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BOB ABERNETHY, host: Four years ago this weekend, Hurricane Katrina hit the Gulf Coast. In this neighborhood in New Orleans, Broadmoor, the houses were in 8 feet of water. Since then, thousands of young volunteers from all over the country, from many faith traditions, have gone to New Orleans to help with the clean-up and rebuilding. Many chose to move there. We talked with residents at the Jewish social service organization, Moishe House.
JONATHAN GRABOIES: Moishe House is a national organization. It says that the mission of the houses that they have throughout the world is “tikkun olam,” which is “repairing the world.”
JEFF PRUSSECK: That ties right in to the mission here in New Orleans, taking a city that has been faced with so many challenges and trying to, on every level of infrastructure and community development, to provide more structure to it.
GILL BENEDEK: The idea of giving back to a community, whether it be Jewish or the general community at large, was a very appealing idea.
JONATHAN GRABOIES: First, coming down, it was an absolute—it was wiped out. It looked like a bomb had gone off, and coming back in the six-month intervals you could really see the progression that was slowly happening, but with that time going by you could see progress.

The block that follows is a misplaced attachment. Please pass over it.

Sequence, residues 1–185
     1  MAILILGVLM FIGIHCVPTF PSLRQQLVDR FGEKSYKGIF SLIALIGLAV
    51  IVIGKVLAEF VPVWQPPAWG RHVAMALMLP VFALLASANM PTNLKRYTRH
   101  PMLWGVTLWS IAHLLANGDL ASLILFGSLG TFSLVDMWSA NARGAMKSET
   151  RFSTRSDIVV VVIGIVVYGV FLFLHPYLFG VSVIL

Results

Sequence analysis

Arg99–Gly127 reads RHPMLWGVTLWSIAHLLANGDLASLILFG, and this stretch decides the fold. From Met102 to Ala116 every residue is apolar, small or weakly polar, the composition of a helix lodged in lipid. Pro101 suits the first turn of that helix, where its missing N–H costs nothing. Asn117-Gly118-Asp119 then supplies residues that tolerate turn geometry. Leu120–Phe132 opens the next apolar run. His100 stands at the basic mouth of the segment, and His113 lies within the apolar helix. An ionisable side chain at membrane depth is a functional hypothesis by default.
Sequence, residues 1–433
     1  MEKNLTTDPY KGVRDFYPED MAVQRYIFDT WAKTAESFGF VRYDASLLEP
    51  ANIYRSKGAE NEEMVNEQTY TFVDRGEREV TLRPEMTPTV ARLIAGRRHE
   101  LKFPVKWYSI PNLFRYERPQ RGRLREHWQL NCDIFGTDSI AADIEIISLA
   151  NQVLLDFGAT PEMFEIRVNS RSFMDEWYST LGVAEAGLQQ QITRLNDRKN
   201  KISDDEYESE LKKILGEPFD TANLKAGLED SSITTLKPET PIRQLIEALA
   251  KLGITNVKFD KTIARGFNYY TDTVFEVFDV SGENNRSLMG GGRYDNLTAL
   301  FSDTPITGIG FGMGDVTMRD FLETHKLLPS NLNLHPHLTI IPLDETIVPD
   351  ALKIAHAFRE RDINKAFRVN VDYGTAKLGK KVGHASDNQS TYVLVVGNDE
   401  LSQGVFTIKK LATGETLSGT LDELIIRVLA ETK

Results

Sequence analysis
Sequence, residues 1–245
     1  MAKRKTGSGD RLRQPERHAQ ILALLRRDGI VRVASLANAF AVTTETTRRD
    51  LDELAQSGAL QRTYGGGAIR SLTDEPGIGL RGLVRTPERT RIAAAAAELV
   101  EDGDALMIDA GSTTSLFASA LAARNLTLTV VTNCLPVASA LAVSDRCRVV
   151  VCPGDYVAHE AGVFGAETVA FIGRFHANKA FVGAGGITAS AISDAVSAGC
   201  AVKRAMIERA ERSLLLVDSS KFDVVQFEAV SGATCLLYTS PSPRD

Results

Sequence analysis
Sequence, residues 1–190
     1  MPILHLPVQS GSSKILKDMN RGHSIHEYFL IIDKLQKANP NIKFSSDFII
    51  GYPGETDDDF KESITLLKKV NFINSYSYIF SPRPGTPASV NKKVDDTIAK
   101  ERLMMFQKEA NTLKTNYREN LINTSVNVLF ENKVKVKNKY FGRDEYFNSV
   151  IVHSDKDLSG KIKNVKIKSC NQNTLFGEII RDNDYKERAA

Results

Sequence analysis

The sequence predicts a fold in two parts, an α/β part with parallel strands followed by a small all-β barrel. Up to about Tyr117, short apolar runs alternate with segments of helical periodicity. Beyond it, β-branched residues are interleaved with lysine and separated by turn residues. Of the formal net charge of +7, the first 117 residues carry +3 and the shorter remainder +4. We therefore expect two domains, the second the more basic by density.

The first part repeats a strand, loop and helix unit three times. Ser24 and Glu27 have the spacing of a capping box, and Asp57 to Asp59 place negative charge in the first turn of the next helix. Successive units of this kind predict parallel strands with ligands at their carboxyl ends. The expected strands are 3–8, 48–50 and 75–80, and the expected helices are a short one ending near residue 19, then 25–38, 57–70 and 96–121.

I met Miss Della Mae when she came into Broadmoor looking for assistance with rebuilding her home. She’s an elderly woman, wheelchair-bound, been living in a trailer on her property for the better part of three years after Hurricane Katrina. So Miss Dell was someone we were thrilled to find the resources to help her.
DELLA MAE WITHERSPOON: Oh, they did a wonderful job. They did everything. They made me a brand new house!
JONATHAN GRABOIES: We’re already practicing tikkun olam in our day-to-day lives, so in a way we’re being Jewish even without being in the synagogue. Moishe House, in a sense, is sort of that alternative venue to come in and reengage with the community.
GILL BENEDEK: The Shabbat potluck, the Friday night dinner that we do once a month, is really very much the soul of our programming.
JONATHAN GRABOIES: It’s great to see everyone. We do this every month, and we start with some traditional prayers and a brief song. They join us for dinner, and we do the blessings. It’s sort of a great opportunity for everyone to take a moment and spend time with their friends.
What I hope Moishe House brings to New Orleans is a comfortable, open community based on Jewish values, culture, religion that is accessible to everyone.